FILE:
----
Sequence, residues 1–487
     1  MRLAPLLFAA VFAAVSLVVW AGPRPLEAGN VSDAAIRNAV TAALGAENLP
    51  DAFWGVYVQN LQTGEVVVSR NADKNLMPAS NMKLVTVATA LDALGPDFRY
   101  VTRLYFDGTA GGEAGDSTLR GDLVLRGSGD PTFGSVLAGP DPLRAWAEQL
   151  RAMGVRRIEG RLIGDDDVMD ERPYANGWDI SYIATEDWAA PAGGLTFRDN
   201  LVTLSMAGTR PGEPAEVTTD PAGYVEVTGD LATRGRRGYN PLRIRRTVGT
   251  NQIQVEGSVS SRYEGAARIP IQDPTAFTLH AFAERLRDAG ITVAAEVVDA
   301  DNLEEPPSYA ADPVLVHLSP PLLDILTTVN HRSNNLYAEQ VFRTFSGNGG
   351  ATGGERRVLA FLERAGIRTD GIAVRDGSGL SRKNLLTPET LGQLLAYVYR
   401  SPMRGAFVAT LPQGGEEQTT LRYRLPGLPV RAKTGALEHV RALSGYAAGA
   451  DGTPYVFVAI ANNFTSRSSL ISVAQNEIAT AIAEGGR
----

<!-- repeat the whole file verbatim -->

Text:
Sequence, residues 1–487
     1  MRLAPLLFAA VFAAVSLVVW AGPRPLEAGN VSDAAIRNAV TAALGAENLP
    51  DAFWGVYVQN LQTGEVVVSR NADKNLMPAS NMKLVTVATA LDALGPDFRY
   101  VTRLYFDGTA GGEAGDSTLR GDLVLRGSGD PTFGSVLAGP DPLRAWAEQL
   151  RAMGVRRIEG RLIGDDDVMD ERPYANGWDI SYIATEDWAA PAGGLTFRDN
   201  LVTLSMAGTR PGEPAEVTTD PAGYVEVTGD LATRGRRGYN PLRIRRTVGT
   251  NQIQVEGSVS SRYEGAARIP IQDPTAFTLH AFAERLRDAG ITVAAEVVDA
   301  DNLEEPPSYA ADPVLVHLSP PLLDILTTVN HRSNNLYAEQ VFRTFSGNGG
   351  ATGGERRVLA FLERAGIRTD GIAVRDGSGL SRKNLLTPET LGQLLAYVYR
   401  SPMRGAFVAT LPQGGEEQTT LRYRLPGLPV RAKTGALEHV RALSGYAAGA
   451  DGTPYVFVAI ANNFTSRSSL ISVAQNEIAT AIAEGGR